Who’s wearing the same dress?

supremesWhen I was in seminary (yes, Virginia, there is a Santa Claus), I took the course “Existential Theology.” I took it because the professor was too hot—a Methodist preacher/academic (at what back then was called STC—the School of Theology at Claremont, California). He must have been from Texas. He wore jeans (blue, of course, because that’s all there was then—either Levis or Wranglers) a tan corduroy sport coat with bolo tie, and expensive Western boots.

That was the semester STC gave me the boot because they found out I was gay, found out in a most unfortunate manner. My then-wife was none too pleased, either. Remember, this was 1968. Stonewall was still a gleam in some drag queen’s eye, and all us faggots who wanted anything like a career (especially in the church) were, if not closeted, at least married or putting up some kind of front.

That was not the beginning of the ruination of my life. That had already happened in a way that I will never write about. I do have some boundaries.

My life was disjointed—pun intended. My wife was a brilliantly successful high school English, journalism, and drama teacher—this was back in the day when teachers were expected to be creative and energetic rather than burdened with absurd Republican rules about giving tests and being “accountable”—so we had a steady income. I, on the other hand, was a part-time church organist (a job which saved my life and is yet the most creative and satisfying position I’ve had). After the Theological Boot, I had jobs I hated. Baldwin piano salesman. Printer in the in-house print shop at the now defunct Kaiser Steel plant in Fontana. Mind-numbing work I could pursue only by living in fantasies in my head while I was on the job. I had that Kaiser job because the husband of the secretary at my church was a supervisor there and put in a good word for me even though she knew I was a queer.

The secretary at Christ Church (Episcopal) in Ontario was one of a group of us who, shortly after I got the Theological Boot, trooped to Los Angeles together to see Hair, the musical. If you saw that original Broadway production, you may not remember it the way I do. (If I’m wrong, someone comment and put the record straight—pun intended—but that won’t change what I’m about to say.)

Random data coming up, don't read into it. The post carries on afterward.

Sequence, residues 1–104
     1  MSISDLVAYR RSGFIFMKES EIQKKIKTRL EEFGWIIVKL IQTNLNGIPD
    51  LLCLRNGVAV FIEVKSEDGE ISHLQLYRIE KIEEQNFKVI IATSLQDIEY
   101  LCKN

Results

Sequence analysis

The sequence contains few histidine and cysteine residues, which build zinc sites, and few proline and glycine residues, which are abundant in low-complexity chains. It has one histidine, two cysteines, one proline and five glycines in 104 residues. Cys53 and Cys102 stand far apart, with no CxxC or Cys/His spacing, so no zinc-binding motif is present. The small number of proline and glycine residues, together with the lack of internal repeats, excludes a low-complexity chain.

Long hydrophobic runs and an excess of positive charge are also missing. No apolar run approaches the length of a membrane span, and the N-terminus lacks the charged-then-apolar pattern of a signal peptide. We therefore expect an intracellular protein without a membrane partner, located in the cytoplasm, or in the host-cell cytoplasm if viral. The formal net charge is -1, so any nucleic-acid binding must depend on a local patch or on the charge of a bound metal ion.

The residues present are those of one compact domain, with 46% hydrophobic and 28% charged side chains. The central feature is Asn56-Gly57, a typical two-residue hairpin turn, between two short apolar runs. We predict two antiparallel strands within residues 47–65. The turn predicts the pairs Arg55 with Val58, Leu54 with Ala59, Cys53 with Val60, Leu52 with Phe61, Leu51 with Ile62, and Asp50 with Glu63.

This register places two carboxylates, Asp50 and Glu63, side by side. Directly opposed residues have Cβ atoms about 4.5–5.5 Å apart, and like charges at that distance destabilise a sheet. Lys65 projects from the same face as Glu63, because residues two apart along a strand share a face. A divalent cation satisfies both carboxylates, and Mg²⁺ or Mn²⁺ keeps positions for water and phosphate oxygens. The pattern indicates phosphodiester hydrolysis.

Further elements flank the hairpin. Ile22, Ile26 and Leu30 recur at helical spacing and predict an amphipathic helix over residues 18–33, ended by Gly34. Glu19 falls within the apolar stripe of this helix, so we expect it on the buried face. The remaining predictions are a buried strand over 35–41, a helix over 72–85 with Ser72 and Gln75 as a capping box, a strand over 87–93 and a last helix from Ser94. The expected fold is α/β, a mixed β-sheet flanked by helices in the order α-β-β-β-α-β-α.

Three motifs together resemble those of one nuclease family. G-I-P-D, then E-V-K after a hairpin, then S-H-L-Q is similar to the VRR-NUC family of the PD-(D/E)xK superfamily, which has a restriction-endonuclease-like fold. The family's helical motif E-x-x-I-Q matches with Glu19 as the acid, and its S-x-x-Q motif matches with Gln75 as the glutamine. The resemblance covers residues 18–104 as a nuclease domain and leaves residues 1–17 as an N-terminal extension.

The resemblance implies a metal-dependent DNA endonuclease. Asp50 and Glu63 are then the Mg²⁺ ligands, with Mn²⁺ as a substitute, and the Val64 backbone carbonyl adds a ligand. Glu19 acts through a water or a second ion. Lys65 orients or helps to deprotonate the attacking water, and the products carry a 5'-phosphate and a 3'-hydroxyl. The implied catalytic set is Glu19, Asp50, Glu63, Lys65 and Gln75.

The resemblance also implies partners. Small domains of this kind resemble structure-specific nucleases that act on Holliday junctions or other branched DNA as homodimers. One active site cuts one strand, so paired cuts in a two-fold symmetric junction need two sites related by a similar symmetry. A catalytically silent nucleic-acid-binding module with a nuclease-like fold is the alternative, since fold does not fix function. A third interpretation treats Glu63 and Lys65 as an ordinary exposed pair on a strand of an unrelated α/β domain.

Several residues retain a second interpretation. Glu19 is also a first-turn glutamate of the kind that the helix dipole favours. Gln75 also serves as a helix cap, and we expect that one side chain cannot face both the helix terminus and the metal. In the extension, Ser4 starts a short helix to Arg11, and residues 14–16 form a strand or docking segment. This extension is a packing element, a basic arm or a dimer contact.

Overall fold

In the original production (not in the movie) the trio of black women singing about “white boys” in the best song in the show—IMHO—wearing pink spangled dresses mimicking The Supremes moved and sang together. They stood as close as their harmony, swaying and dancing. The gag—the almost too slapstick trick—was that at the end they stepped apart and revealed their dresses were one huge dress.

That, and the fact that the cast came up the aisles naked at the end of the show (or was it at the end of the first act?) and I was sitting on the end of a row goggle-eyed made me crazy. I wanted to be naked in front of two thousand people (I was young and skinny then) or at least to stop having to hide.

The Supremes

The Supremes

My life as a half-closeted, half-ostentatiously-out gay man was, in those days, untenable. I was miserable, my wife was miserable, and I made lots of other people miserable (including my Dutch Reformed psychiatrist from Chino—but that’s another story).

Today the Supreme Court (only peripherally not to be confused with The Supremes) will hear the case that should somehow make sense of, give meaning to, liberate the memory of my life at that time. (My musings must be taken with a grain of salt because I’m not only a Tired Old Queen, but diagnosed with Bipolar II disorder which, I’m sure most Fundamentalist Christians believe all LGBT persons are.)

In spite of Chief Justice Roberts’s lesbian cousin, I’m prepared to have hopes dashed yet again.

I know, I know, I know. Change is in the wind and all of that. But five of the Supremes have, for most of their careers, worn the same spangled dress. Five catholic men, all appointed by “Conservative” Republican Presidents, will make the decision. ‘Nuff said, I fear.

But here’s the real kicker. Even if they make the “right” decision, it will be so bitter-sweet for me that I will hardly be able to rejoice. Oh, I will rejoice!don’t get me wrong!—for my younger gay friends. But nothing can bring back the life I’ve not had, epitomized by the Theological Boot. I’m not a victim, a martyr, or an accuser, but I will have to learn to rejoice. I don’t regret my life, and I’m not a spoil sport. But let’s be honest.

The Theological Boot

The Theological Boot